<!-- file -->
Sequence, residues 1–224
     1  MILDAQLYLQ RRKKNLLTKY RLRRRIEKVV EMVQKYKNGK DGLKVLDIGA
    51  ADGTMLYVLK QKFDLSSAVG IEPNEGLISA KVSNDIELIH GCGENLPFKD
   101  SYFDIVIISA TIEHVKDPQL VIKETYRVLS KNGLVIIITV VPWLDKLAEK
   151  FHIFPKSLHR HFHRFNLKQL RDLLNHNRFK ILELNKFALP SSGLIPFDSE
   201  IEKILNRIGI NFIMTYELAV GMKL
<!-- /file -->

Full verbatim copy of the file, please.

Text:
Sequence, residues 1–224
     1  MILDAQLYLQ RRKKNLLTKY RLRRRIEKVV EMVQKYKNGK DGLKVLDIGA
    51  ADGTMLYVLK QKFDLSSAVG IEPNEGLISA KVSNDIELIH GCGENLPFKD
   101  SYFDIVIISA TIEHVKDPQL VIKETYRVLS KNGLVIIITV VPWLDKLAEK
   151  FHIFPKSLHR HFHRFNLKQL RDLLNHNRFK ILELNKFALP SSGLIPFDSE
   201  IEKILNRIGI NFIMTYELAV GMKL